Kitterman History, Family Crest & Coats of Arms

Kitterman is a name of ancient Anglo-Saxon origin and comes from the family once having lived in Kidderminster, a village in Worcestershire. The place-name was recorded as Chideminstre in the Domesday Book, [1] which was compiled in 1086, and as Kedeleministere in 1154. The place-name is derived from the Old English personal name Cydela, and the Old English word mynster, which meant monastery. The place-name as a whole means "monastery of a man called Cydela." The surname means "one who came from Kidderminster." [2]

Early Origins of the Kitterman family

The surname Kitterman was first found in Worcestershire at Kidderminster. "At the time of the Conquest this was a royal manor, and it continued so until the reign of Henry II., when it passed into the hands of various possessors, of whom Waller, the poet, was subsequently one." [3]

Early History of the Kitterman family

This web page shows only a small excerpt of our Kitterman research. Another 137 words (10 lines of text) covering the years 1086, 1230, 1498, 1524, 1594, 1597, 1693, 1531, 1487, 1744, 1500 and 1512 are included under the topic Early Kitterman History in all our PDF Extended History products and printed products wherever possible.

Kitterman Spelling Variations

Sound was what guided spelling in the essentially pre-literate Middle Ages, so one person's name was often recorded under several variations during a single lifetime. Also, before the advent of the printing press and the first dictionaries, the English language was not standardized. Therefore, spelling variations were common, even among the names of the most literate people. Known variations of the Kitterman family name include Kittermaster, Kidderminster, Kiddermaster, Kiddiminstre, Keedomister, Kederminster, Kidiministre, Kidiminstre, Kytermyster and many more.

Early Notables of the Kitterman family (pre 1700)

Distinguished members of the family include Richard Kedermyster or Kyderminstre (d. 1531?), Abbot of Winchcomb, Gloucestershire, probably a native of Worcestershire. "At the age of fifteen he was admitted into the Benedictine monastery of Winchcomb; four years later he was sent to Gloucester College, Oxford, where the monastery owned an apartment called Winchcomb Lodgings; after remaining there for three years and a half he was summoned home, and by the interest of his patron, John Twynning, the abbot of Winchcomb, was made ‘scholar or pastor’ of the monastery. On Twynning's death in 1487, he was elected lord...
Another 96 words (7 lines of text) are included under the topic Early Kitterman Notables in all our PDF Extended History products and printed products wherever possible.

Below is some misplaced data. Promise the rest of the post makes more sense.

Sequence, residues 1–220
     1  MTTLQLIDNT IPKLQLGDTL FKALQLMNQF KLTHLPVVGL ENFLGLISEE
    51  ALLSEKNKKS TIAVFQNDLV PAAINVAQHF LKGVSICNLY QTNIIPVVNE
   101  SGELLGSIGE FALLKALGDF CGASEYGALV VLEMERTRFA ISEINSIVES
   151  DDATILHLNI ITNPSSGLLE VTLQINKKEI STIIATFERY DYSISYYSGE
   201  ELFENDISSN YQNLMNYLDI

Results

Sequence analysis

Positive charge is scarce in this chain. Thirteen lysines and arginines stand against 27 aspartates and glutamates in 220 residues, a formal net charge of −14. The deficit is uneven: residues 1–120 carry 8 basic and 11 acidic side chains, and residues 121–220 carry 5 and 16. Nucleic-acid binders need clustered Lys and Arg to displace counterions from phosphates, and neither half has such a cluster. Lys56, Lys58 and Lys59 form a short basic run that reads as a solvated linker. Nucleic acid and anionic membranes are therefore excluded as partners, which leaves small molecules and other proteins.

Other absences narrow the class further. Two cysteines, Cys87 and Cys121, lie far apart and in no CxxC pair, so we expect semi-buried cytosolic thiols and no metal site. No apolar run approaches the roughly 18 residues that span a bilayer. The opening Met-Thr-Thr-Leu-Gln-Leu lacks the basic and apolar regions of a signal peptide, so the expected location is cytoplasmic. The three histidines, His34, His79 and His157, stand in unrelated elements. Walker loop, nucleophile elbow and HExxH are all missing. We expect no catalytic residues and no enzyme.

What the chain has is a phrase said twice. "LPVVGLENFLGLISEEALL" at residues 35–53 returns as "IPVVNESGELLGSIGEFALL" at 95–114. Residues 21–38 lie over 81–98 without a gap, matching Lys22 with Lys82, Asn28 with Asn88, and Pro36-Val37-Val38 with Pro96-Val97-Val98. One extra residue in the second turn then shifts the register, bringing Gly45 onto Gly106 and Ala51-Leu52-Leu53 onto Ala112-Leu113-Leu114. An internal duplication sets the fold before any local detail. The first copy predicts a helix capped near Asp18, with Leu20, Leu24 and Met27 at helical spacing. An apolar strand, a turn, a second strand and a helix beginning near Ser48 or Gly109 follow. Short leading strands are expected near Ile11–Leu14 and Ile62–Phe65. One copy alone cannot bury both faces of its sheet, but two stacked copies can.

Kitterman Ranking

In the United States, the name Kitterman is the 13,740th most popular surname with an estimated 2,487 people with that name. [4]

Migration of the Kitterman family

For political, religious, and economic reasons, thousands of English families boarded ships for Ireland, Canada, the America colonies, and many of smaller tropical colonies in the hope of finding better lives abroad. Although the passage on the cramped, dank ships caused many to arrive in the New World diseased and starving, those families that survived the trip often went on to make valuable contributions to those new societies to which they arrived. Early immigrants bearing the Kitterman surname or a spelling variation of the name include: Hugh Kiddermaster, who arrived in Virginia in 1628; Anthony Kittermaster, who was on record in Ontario in 1871; and Albert Kittermaster, also on record in Ontario in 1871..


Contemporary Notables of the name Kitterman (post 1700) +

  • Austin Kitterman, American actor, known for Theatre of the Deranged (2012) and Doll Parts (2011)
  • Brandon Kitterman, American musician, member of Fictionist, an American alternative rock band from Provo, Utah
  • Susan Kitterman, American conductor and founder of the New World Youth Orchestras in 1982
  • Robert Eugene "Bob" Kitterman (1923-2000), American professional basketball player who played for the Syracuse Nationals in the National Basketball League during the 1947–48 season


  1. ^ Williams, Dr Ann. And G.H. Martin, Eds., Domesday Book A Complete Translation. London: Penguin, 1992. Print. (ISBN 0-141-00523-8)
  2. ^ Mills, A.D., Dictionary of English Place-Names. Oxford: Oxford University Press, 1991. Print. (ISBN 0-19-869156-4)
  3. ^ Lewis, Samuel, A Topographical Dictionary of England. Institute of Historical Research, 1848, Print.
  4. ^ https://namecensus.com/most_common_surnames.htm


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